Immigration law experts have sent a letter to the White House reassuring President Barack Obama that he has the legal authority to issue executive orders on the immigration crisis.

The letter, written by 136 law professors from 32 states, Washington, D.C., and Puerto Rico, said they have reached the same conclusion and explained how potential executive action by Obama will be as "equally lawful" as the implementation of the Deferred Action for Childhood Arrivals program.

"As part of the administration's legal team that ironed out the details of DACA, I can personally attest that we took pains to make sure the program meticulously satisfied every conceivable legal requirement," said Stephen Legomsky, professor at the Washington University School of Law, who was also a former chief counsel for the U.S. Citizenship and Immigration Services.

The letter informs Obama that he has the legal authority to use "prosecutorial discretion" as a method to protect an individual or group from deportation. The letter noted "prosecutorial discretion" is the Department of Homeland Security's ability to decide how immigration laws should be implemented. The letter also recognized that U.S. immigration agencies have a "long history" of utilizing "prosecutorial discretion" on both a case-by-case and group basis.

According to Penn State Law's Samuel Weiss Faculty Scholar Shoba Sivaprasad Wadhia, Obama has the same legal authority as several previous presidential administrations. The letter also emphasized previous presidents, from both political parties, have used the same legal authority to prevent groups of immigrants from deportation.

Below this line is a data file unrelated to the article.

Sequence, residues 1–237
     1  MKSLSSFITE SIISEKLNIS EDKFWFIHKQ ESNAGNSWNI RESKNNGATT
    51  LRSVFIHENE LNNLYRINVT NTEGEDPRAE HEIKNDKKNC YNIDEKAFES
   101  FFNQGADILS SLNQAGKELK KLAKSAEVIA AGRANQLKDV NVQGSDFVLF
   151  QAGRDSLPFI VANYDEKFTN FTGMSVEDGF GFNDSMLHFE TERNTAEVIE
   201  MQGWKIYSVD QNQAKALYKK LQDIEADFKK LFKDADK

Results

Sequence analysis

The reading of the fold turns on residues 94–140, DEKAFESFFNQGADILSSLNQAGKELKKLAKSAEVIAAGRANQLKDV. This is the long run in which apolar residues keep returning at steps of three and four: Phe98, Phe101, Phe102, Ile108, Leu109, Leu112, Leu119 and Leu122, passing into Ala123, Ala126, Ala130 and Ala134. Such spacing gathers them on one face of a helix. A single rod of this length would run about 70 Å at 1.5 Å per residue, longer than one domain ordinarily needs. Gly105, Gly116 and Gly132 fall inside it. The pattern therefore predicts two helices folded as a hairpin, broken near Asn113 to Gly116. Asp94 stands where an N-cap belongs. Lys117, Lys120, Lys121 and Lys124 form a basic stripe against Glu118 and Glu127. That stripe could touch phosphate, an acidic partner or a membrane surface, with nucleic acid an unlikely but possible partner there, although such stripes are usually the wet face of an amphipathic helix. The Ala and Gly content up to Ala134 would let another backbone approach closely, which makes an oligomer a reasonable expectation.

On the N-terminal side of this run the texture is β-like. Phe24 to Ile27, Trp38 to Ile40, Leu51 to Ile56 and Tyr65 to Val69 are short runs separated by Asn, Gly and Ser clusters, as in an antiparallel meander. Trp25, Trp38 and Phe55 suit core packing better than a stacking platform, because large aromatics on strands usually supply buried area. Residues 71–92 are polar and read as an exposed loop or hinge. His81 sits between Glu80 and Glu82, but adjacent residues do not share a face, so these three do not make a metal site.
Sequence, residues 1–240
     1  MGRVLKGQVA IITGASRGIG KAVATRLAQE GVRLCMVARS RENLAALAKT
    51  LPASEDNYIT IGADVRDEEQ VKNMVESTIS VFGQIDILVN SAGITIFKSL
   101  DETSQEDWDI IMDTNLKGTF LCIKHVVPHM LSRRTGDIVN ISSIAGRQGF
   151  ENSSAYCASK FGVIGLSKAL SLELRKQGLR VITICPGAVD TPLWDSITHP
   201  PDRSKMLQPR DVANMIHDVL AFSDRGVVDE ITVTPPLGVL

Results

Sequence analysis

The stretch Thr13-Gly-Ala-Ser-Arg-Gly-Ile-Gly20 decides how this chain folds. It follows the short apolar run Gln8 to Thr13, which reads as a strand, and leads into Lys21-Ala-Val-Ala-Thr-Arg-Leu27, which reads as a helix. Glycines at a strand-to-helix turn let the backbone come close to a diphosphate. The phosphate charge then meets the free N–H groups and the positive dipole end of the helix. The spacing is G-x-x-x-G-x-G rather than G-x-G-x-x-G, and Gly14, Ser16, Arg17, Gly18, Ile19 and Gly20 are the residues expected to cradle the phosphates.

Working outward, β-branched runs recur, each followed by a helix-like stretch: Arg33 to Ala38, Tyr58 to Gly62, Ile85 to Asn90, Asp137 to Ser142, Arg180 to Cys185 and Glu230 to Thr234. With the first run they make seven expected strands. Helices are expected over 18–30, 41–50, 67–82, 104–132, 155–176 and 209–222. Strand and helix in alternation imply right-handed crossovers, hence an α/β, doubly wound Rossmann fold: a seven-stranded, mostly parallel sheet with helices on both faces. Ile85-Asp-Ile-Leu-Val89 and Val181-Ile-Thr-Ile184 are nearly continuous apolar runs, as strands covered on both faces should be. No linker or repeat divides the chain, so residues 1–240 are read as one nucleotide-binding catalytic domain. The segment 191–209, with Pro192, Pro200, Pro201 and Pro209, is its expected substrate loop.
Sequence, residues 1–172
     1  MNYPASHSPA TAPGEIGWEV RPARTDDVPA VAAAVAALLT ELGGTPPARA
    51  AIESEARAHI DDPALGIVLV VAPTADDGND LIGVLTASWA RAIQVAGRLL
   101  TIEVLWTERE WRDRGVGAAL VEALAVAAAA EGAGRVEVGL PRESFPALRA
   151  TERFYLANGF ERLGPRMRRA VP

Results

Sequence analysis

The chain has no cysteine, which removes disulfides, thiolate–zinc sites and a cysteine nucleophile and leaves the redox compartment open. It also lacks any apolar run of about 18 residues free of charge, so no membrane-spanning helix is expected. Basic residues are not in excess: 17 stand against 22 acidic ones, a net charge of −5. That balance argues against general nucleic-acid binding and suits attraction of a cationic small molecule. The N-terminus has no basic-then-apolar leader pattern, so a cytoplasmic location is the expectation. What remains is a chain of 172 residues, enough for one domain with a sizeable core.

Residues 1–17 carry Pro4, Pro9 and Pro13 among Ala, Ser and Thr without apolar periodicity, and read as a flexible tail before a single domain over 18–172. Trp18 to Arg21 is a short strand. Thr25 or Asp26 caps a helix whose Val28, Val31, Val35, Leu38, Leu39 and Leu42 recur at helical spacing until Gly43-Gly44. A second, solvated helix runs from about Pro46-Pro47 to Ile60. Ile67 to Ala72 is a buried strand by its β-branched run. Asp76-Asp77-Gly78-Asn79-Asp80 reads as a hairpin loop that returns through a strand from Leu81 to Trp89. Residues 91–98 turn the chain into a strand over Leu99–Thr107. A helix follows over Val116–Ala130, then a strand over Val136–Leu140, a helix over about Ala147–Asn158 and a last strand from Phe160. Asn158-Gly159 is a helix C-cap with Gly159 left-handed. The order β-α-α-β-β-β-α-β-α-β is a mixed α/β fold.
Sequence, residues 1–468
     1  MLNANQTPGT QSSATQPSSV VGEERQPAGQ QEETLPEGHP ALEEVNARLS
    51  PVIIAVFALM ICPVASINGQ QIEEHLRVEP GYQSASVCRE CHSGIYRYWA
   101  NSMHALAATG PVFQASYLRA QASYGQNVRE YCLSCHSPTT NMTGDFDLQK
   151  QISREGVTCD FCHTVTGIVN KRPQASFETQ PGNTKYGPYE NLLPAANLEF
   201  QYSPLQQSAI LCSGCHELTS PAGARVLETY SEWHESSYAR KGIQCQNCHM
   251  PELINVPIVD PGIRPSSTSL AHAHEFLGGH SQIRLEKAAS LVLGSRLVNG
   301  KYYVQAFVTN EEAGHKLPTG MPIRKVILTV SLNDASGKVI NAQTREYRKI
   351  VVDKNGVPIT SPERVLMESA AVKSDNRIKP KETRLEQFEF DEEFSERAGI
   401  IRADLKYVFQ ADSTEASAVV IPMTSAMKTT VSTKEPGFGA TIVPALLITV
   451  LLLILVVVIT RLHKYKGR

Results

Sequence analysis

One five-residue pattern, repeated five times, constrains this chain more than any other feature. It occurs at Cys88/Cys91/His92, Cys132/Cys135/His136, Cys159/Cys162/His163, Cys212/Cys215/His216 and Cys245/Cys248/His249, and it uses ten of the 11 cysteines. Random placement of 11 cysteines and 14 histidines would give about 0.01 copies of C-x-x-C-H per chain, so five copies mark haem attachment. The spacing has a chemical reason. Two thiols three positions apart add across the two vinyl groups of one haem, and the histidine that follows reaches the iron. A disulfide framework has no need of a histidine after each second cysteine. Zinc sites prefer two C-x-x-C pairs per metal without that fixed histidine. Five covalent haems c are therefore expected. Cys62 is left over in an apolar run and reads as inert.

Wadhia said, "Historically, this policy has been premised on the twin policy goals of managing limited resources and shielding people with compelling situations from removal." 

A statement from the American Immigration Council acknowledged the letter is the second time law professors collaborated on a message to Obama. In 2012, law professors supported the legal argument to expand administrative relief, a concept that would help establish DACA, which granted temporary stays to undocumented immigrant youths meeting specific eligibility requirements.

According to the USCIS, over 553,000 DACA requests have been approved. Most of the applicants are from Latin American countries, notably Mexico, El Salvador, Guatemala and Honduras. Applicants also hail from countries outside Latin America, such as India, Pakistan and South Korea.

"First, the president has the legal authority, exercising his discretion as the nation's top immigration prosecutor, to establish enforcement priorities," said Hiroshi Motomura, professor at UCLA School of Law. "Second, the president's lawful discretion includes the authority to set up an orderly system, modeled on DACA, for granting temporary relief from deportation."

Obama said he is willing to issue an executive order because of inaction by Congress. Obama said he's waiting on recommendations and proper legal methods from the Departments of Justice and Homeland Security before announcing any action. In August, White House Press Secretary Josh Earnest previously stated a presidential executive action could come in September, but reports suggest a delay until November is likely due to uncertain re-election odds for Senate Democrats.